County land use codes and information can be found on the County of San Diego's General Plan web site. (Look for "Chapter 3 - Land Use Element")
You may use the SanGIS Interactive Map to look up a particular parcel and then use the Information icon to click in the parcel to retrieve information. The County of San Diego also has a couple websites that that contain parcel information. See our GIS Links page for descriptions and URLs. However, these sites do not provide owner information. SanGIS can create a map at our office that can provide additional information at a nominal fee.
You can make a map that displays more than one parcel boundary on the SanGIS Interactive Map. However, you will need to use the Information icon to click on each parcel to display the information for that parcel. SanGIS can make a map at our office that will display more than one parcel and information for all the parcels on the map at a nominal fee.
If you come to our office, you have a choice of over 500 layers that can be displayed on a map including aerial photos. Most common layers are parcels, roads, topography, aerial imagery, zoning, land use, MSCP, libraries, schools, fire stations and transit routes to name just a few. You may display many of these same layers on the SanGIS Interactive Map but not nearly the number of layers that are available if you come to our office. At this time aerial imagery is not available on the interactive map due to licensing restrictions.
SanGIS is located at the San Diego County Operations Center at the corner of Overland Avenue and Farnham Street – one block north of Clairemont Mesa Blvd. and one block west of Ruffin Rd. Maps to the office can be found on the Contact Us page. SanGIS is located on the 2nd floor of the building immediately west of the garage. Our office is open from 8:00 am to 4:00 pm Monday through Friday. We are closed on County and City holidays. Note that we do not start any new map projects after 4:00 pm.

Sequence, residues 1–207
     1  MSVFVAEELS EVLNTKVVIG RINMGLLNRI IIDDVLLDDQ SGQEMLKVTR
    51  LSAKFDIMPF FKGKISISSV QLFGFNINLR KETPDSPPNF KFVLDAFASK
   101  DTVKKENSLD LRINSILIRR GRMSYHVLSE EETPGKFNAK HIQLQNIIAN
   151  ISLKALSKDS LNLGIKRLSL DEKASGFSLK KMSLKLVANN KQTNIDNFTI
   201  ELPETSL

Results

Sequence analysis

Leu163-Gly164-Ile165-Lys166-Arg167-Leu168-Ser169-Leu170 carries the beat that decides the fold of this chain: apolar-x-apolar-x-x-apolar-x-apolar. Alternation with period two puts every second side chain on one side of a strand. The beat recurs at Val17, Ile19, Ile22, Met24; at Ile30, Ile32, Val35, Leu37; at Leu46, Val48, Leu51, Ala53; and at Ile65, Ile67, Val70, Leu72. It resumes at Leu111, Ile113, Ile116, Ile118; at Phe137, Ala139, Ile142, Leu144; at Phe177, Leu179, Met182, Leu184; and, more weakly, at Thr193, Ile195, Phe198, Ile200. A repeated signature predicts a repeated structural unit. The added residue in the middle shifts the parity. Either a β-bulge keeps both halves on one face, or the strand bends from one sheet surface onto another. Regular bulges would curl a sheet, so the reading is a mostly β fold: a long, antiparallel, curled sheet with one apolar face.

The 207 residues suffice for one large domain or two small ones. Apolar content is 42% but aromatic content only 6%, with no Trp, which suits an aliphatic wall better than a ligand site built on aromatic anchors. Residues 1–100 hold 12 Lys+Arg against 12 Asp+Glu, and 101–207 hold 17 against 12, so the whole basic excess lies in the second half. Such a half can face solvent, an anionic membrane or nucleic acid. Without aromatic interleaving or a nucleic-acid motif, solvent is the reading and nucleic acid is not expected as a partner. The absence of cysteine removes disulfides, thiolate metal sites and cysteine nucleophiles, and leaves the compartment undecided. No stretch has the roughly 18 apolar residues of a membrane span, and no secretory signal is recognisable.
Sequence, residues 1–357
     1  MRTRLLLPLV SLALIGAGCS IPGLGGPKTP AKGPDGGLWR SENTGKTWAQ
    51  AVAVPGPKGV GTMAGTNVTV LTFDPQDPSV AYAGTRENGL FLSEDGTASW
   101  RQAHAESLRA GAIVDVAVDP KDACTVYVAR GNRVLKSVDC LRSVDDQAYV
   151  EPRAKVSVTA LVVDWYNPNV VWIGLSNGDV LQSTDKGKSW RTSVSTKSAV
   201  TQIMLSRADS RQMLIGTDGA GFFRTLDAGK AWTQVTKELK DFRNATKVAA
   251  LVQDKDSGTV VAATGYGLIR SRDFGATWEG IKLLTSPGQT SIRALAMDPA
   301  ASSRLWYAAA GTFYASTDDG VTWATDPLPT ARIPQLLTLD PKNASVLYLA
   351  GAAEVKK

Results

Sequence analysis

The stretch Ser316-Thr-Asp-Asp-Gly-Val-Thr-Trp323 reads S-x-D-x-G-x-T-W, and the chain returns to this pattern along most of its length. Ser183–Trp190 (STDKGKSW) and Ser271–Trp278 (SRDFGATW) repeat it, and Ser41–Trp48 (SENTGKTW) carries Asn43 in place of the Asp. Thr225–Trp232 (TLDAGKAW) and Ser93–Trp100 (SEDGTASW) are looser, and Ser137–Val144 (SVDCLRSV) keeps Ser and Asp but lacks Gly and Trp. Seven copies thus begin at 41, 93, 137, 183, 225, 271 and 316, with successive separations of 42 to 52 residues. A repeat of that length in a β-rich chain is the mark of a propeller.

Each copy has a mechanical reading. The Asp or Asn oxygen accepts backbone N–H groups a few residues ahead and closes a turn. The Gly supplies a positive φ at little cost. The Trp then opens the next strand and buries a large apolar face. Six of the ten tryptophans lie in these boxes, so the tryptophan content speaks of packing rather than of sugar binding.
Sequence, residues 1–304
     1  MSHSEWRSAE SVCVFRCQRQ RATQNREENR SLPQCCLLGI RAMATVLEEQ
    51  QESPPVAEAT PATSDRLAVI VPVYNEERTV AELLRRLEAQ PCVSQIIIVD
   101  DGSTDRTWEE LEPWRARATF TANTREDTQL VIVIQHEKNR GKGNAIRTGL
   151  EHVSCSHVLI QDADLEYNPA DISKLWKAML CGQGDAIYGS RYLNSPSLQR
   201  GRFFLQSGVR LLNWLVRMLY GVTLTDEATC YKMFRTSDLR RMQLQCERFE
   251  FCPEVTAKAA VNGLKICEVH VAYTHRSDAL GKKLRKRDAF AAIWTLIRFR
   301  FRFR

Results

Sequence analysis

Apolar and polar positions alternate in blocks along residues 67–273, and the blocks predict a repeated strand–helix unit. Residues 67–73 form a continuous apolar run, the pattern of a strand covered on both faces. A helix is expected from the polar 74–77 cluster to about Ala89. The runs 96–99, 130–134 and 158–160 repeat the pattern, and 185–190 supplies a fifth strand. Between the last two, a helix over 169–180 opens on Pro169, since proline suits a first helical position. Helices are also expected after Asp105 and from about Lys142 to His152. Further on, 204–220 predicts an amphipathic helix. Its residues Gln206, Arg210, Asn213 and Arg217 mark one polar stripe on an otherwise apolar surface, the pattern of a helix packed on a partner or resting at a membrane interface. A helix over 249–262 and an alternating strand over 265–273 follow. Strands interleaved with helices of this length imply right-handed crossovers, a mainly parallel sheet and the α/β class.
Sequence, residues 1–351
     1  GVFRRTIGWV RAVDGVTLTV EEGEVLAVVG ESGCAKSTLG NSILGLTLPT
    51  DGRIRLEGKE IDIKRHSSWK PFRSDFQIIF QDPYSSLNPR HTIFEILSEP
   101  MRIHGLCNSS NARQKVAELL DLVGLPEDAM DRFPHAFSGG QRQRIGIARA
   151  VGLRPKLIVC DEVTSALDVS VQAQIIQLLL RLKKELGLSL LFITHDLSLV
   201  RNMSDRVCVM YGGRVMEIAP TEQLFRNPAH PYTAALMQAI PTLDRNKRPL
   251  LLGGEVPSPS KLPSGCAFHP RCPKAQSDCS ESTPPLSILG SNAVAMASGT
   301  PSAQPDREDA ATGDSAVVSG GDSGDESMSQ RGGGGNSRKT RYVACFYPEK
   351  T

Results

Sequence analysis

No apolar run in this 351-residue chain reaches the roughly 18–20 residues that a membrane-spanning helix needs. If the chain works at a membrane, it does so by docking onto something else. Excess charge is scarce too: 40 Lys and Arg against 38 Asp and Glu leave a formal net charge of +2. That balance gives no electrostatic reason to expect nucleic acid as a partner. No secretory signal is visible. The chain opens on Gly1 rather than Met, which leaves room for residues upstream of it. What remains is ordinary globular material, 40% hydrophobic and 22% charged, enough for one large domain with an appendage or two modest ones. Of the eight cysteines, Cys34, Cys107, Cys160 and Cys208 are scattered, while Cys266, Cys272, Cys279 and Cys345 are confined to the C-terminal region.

No appointment is necessary. We seldom have customers at 8 or 9 in the morning, so this is a good time to come to our office to insure you don’t have to wait while we finish up another project.
We do have flood information but we recommend you use FEMA for any official documentation. The FEMA site can be accessed at the FEMA Map Service Center.
Yes, we can extract properties within a given radius and from this extract create mailing labels. Refer to the price list of our services for the cost.
ESRI’s ArcExplorer can be downloaded for free from the ESRI Products page. This software can read the shape files that you download from the SanGIS site. It is also possible to open the .dbf file in Excel. This is one of the 7 files in that make up the shape files. Some computer aided design and drafting (CADD) packages such as AutoCAD and Microstation can also read ESRI shape files.
We do not have CADD files but we can convert the shape files to DGN or DWG files. Refer to the price list of our services for costs of doing this.
Due to licensing restrictions we are not currently able to provide aerial imagery through our interactive mapping application. Through a regional partnership with SANDAG, USGS, and others we are in the process of acquiring imagery that does not include these license restrictions. We hope that this will be available for your use by the end of the year.
However, we can create a map in our office that includes the imagery you need. Just give us a call or come by to see how we can help.
Yes, we have MHPA data that covers the City of San Diego and we have MSCP data that covers the unincorporated areas of the County of San Diego. These are available from our Download Data or Interactive Map.